Can you explain to me the effects of colonialism on Ireland?

Expert Answers
thanatassa eNotes educator| Certified Educator

Colonialism has had many negative effects on Ireland since the Anglo-Norman conquest in the twelfth century when English barons grabbed lands in an area including Dublin and its surroundings known as the "Pale". The Tudors in the sixteenth century expanded and intensified English control over Ireland, disarmed local Irish aristocrats, and tightened control over the entirety of the island.

These elements of the Anglo-Norman and English conquest of Ireland had many of the typical elements of colonialism. The Irish were a Gaelic speaking people and the English spoke English. From the time of Henry VIII on, the English were Protestants and the Irish Roman Catholics. This led to driving both Roman Catholicism and the Celtic language and cultural traditions underground.

Internationally, many Irish groups opposed to English rule allied themselves with the enemies of England (such as Spain and France). These tensions led to increasing oppression of Irish Catholics, including confiscation of land and property, criminalizing Roman Catholic worship, making English the language of government and commerce thereby disadvantaging Gaelic speakers, and restricting access to education to Protestants. The 1801 Act of Union between Britain and Ireland, while giving the Irish some representation in Parliament also attempted to suppress the nascent Irish nationalist movement.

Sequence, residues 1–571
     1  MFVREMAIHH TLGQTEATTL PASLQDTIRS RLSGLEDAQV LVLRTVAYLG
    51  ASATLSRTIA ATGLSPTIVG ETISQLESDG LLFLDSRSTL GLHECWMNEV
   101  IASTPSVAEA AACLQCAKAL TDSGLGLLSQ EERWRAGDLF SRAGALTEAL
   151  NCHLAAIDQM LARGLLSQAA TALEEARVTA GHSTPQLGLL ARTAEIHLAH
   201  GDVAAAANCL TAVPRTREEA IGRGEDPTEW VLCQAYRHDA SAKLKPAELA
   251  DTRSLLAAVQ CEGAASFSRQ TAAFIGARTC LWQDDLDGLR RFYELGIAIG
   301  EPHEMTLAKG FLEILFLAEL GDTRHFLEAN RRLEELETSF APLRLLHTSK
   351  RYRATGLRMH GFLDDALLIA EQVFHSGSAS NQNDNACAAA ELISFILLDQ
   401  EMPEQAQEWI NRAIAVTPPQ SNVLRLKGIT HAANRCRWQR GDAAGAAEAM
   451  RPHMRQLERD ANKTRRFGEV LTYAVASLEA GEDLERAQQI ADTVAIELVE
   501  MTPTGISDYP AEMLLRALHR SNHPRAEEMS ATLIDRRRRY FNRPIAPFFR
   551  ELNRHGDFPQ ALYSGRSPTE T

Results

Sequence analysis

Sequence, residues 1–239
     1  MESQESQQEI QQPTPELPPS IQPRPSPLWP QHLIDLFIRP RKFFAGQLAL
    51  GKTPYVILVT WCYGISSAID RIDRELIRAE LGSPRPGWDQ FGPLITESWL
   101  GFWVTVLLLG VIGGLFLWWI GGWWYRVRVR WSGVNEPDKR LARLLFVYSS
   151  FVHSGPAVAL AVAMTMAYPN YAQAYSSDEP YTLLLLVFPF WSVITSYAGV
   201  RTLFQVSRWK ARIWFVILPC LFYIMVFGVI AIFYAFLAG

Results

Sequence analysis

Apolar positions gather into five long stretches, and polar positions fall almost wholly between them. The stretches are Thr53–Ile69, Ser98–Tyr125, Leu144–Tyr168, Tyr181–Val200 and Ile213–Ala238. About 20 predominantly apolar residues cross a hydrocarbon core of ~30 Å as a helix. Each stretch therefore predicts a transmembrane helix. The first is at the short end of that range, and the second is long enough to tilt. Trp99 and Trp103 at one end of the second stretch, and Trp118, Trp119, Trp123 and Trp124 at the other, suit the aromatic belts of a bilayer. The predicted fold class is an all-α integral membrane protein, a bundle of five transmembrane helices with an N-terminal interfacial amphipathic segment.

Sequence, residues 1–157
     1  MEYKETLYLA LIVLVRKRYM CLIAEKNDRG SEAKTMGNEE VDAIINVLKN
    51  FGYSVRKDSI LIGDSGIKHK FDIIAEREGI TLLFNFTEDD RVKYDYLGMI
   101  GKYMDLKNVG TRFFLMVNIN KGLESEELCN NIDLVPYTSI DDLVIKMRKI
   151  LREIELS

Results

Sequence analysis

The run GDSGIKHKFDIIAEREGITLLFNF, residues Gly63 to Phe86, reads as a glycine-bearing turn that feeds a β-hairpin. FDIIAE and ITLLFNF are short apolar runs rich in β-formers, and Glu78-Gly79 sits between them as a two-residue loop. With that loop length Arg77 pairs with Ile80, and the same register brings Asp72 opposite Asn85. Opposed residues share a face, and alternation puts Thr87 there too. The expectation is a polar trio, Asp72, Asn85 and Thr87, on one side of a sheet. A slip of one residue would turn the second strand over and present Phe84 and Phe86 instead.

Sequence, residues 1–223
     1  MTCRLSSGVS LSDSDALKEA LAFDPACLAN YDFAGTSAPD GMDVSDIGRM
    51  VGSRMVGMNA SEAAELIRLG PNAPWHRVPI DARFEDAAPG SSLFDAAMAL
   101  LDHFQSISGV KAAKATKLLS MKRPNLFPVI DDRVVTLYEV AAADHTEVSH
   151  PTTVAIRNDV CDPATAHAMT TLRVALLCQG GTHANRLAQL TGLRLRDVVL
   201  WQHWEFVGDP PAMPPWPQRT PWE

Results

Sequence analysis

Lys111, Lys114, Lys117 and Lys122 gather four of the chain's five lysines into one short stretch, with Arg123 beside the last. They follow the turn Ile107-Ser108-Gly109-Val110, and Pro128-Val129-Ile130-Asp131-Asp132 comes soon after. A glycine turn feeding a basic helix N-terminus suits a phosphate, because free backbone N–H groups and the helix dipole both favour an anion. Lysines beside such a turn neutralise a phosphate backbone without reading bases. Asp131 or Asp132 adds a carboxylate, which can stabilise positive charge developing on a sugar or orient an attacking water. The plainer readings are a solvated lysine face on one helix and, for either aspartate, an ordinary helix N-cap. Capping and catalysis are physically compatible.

The main effects of colonialism were impoverishing the Irish, suppressing Celtic cultural and linguistic traditions, centralizing power and wealth in the hands of the Protestant minority, and creating civic unrest which continues to the present day in Northern Ireland. The combination of poverty and oppression also lead to massive emigration, at certain times amounting to 40 percent of the adult population, and a large diaspora that still maintains ties to Ireland and influences Irish politics and culture. 

One particularly significant piece of evidence of this cultural hegemony is that most of the Irish today are functionally monolingual speakers of English, with only a small minority knowing the Irish language.


hannalane | Student

In the 12th century, Ireland was split into many small groups of peoples, with no central power and each group jockeying for control of the entire country. However, in 1169 the Normans seized power. 

This development concerned King Henry II of England. He decided to secure his authority in Ireland, and he was supported by Pope Adrian IV who was also English because the Pope wanted to reign in religious abuses in the country. 

The first invasion of the English was not neatly organized nor complete in its influence but it changed Ireland for good. It led to faster development of infrastructure and agriculture in Ireland. The ideas of land divisions that feudalism introduced gave rise to towns, which in turn led to citizen rights and trade.

In 1536, Henry VIII re-conquered Ireland, this time with a stronger hand. Under English rule the country quickly shed all its previous clan-type divisions and became an organized and strictly governed, monarchical society. The presence of England in Ireland also began the country's deep divisions between Catholics and Protestants as the colonization came at the same time as the Reformation and later English leaders did not take a strong and stable position in relation to this larger schism within the Church.